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Excerpt From this Document
Two men (Joe and Harry) developed the following model to show how we hide information about ourselves from others or even ourselves.
- Open for all to See: Information that you know about yourself and you openly share with others: your name, eye color, sex, and skin color are “open” to most people. Depending on the situation or the people involved, you may also choose to have your political beliefs, taste in music, religion or other matters “open.”
- Having a Blind Spot: The blind self includes information that other people notice, but you don’t realize. You may rum your nose when your nervous or tap a pencil or hum while you study. You don’t notice these things, but we can see them clearly. In some cases, we may have a large blind spot. For example, we may not notice that we are mean to everyone who looks like an exboy/ girl friend, but all our friends notice.
- The Self that is Hidden in Plain Sight: This is the part of ourselves that we hide from everyone. Here, we hide our fantasies, dreams, embarrassments, fears or beliefs, We keep a part of ourselves hidden from everyone, but that part may be different for different people. We may tell a boy/girl friend about our dreams but never tell them about an embarrassing moment. We might tell our best friend about that moment while hiding our dreams for fear they will sound dumb.
- The Great Unknown: This part of ourselves hides all the information that is buried in our subconscious. We may feel fear when riding in elevators without knowing why because the incident that caused us to fear the elevator is in the unknown self.
- Self disclosure can be telling a personal detail about ourselves to another person, or it can be revealing information through body language, slips of the tongue, or displays of emotion. Some individuals are more likely to disclose than others, but we can make a few predictions:
- Americans are more likely to self disclose than many other culturesincluding Germany, Japan, or Puerto Rico (Gudykunst, 1983). Americans also self disclose more than Middle Easter countries (Jourard, 1971) or Chinese (Chen, 1992). We even disclose more than those from Great Britain (Goodwin & Lee, 1994). In fact, Americans tend to talk about themselves far more than most cultures.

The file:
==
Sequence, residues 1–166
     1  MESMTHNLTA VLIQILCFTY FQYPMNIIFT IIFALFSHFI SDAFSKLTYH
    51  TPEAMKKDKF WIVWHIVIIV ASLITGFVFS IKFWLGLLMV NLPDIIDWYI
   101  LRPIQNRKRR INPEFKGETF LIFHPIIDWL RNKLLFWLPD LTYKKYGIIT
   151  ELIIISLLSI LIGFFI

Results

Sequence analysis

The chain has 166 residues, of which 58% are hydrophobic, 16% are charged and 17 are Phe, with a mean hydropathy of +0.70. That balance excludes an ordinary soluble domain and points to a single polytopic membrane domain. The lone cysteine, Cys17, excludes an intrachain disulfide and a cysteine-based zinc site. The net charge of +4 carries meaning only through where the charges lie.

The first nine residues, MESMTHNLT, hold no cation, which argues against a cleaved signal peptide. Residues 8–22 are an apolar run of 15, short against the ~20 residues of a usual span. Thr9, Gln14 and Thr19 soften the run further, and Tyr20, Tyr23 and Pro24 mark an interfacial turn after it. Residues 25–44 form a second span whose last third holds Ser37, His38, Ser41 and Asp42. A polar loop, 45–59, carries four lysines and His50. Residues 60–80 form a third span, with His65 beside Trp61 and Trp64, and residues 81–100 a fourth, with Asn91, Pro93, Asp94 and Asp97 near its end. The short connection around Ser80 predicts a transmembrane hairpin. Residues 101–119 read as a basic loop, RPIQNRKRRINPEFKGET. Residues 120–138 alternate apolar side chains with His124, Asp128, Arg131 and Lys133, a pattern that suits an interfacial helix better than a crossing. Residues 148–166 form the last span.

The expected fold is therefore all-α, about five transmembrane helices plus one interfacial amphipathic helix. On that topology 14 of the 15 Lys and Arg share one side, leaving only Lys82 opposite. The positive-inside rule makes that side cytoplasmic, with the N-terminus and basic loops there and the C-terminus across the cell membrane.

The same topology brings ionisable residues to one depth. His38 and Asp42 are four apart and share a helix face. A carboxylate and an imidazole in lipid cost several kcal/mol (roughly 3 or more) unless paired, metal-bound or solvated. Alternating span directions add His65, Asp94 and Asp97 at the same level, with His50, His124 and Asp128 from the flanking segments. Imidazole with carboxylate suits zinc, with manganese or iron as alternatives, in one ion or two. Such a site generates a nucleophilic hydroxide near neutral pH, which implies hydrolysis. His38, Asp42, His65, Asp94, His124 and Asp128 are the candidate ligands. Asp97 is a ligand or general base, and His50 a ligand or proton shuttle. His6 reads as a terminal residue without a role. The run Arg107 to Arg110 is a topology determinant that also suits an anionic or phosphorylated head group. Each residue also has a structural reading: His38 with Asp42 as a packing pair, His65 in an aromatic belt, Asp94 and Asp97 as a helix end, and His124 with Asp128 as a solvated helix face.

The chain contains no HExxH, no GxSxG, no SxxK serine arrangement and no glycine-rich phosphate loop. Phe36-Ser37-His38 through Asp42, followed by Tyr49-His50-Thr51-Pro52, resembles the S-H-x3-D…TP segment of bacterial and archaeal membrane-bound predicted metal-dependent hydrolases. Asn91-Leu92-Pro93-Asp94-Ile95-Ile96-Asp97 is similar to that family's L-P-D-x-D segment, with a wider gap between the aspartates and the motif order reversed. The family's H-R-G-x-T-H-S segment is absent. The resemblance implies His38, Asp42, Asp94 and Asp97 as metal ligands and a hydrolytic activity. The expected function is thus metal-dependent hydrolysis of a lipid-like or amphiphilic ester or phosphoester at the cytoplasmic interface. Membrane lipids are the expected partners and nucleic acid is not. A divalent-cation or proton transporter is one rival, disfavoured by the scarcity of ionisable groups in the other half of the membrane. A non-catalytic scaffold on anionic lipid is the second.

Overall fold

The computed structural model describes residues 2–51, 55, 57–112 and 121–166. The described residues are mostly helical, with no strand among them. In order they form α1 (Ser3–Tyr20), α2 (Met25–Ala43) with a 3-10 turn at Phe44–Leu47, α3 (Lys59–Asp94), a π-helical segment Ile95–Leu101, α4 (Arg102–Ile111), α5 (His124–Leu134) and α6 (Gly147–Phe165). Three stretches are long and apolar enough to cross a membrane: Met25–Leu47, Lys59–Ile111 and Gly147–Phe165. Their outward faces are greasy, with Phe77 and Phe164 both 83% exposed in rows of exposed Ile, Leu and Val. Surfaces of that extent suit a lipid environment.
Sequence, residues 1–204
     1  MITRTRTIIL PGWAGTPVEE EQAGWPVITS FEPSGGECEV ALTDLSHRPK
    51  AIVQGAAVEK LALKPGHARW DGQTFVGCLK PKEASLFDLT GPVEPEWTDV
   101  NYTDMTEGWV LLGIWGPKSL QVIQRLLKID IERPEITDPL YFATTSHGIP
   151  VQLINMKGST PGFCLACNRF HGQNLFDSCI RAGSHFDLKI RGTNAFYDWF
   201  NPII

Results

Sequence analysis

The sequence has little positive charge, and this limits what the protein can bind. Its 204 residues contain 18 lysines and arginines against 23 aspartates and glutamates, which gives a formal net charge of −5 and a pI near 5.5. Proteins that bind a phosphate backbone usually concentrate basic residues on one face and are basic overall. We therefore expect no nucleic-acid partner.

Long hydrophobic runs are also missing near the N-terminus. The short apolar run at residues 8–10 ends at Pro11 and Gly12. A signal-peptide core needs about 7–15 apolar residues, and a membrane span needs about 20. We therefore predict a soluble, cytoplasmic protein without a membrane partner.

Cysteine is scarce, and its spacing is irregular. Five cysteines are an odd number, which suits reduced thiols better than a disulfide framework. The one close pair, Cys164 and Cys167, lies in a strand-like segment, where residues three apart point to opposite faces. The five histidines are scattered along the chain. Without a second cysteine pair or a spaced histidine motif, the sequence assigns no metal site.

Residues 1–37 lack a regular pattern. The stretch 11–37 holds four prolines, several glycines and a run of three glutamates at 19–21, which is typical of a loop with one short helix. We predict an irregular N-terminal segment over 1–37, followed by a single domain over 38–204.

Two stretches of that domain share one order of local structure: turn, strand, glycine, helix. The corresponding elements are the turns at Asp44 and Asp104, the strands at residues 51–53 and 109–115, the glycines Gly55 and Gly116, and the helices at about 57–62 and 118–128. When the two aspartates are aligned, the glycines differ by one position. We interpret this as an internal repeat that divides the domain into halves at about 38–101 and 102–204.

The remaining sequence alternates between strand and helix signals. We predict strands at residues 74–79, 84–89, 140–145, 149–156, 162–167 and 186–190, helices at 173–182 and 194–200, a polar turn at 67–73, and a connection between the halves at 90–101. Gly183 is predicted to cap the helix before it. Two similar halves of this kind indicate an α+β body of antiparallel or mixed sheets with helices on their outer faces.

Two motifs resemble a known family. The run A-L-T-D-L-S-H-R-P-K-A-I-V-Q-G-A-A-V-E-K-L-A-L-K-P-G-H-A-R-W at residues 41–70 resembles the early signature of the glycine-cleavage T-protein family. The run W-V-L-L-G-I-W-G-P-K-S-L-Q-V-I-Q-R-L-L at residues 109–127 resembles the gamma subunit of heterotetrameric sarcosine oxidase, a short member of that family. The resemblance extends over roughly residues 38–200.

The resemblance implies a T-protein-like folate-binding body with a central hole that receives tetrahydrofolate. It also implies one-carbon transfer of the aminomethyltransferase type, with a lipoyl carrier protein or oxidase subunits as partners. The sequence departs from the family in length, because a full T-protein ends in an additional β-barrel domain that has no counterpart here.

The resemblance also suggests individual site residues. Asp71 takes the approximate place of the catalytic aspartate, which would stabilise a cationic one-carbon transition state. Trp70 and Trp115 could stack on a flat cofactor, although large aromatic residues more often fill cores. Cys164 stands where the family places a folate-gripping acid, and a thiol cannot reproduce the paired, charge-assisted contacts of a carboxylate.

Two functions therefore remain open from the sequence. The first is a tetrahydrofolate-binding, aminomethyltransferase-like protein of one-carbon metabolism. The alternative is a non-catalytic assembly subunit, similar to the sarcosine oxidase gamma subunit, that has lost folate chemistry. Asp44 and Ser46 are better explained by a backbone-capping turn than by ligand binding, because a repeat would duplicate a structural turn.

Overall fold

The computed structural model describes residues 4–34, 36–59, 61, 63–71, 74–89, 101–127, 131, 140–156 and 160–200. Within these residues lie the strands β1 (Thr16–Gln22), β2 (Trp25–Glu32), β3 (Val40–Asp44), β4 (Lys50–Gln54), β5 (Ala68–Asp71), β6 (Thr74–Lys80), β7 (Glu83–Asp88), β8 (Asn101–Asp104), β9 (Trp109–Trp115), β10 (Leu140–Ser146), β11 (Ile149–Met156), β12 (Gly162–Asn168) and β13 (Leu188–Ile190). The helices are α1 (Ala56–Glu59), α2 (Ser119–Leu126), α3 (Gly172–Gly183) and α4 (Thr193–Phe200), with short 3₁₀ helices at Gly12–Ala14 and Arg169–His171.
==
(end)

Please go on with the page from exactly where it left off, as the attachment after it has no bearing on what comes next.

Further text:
- We tend to disclose more to small groups, perhaps because it is easier to see how people are reacting. We also tend to self disclose more to people with whom we are close and that self disclose to us (Berg & Archer, 1983);however,we also self disclose to strangers who we don’t know and who we expect to never see again. This is what makes our neighbor on an airplane tell us their entire life story (McGill, 1985).
- We are far more comfortable disclosing information that is less personal. We will, with fairly little prompting talk about how we like a class or what we think of an assignment. More personal information tends to be held back longer. We are also more willing to self disclose positive information. In a society that favors happiness, those who overdisclose negative information are seen in a negative light.
The Reasons: (Adler, 1989)
- Catharsis a desire to feel better by “getting something off your chest”
- Selfclarification attempting to see a situation more clearly by “talking it out” with someone
- Selfvalidation getting someone to agree with your beliefs or decisions
- Reciprocity you tell something in order to encourage the other person to tell something
- Impression formation selectively revealing information to make a “good impression”
- Relationship maintenance relationships need increasing amounts of selfdisclosure to grow
- Social control you may select certain pieces of information to gain control or respect
- Manipulation some people self disclose in order to force a person to act in a certain way
About this Document
This handout explains the Johari window and how people built an identity and then share (or choose not to share) that identity with others.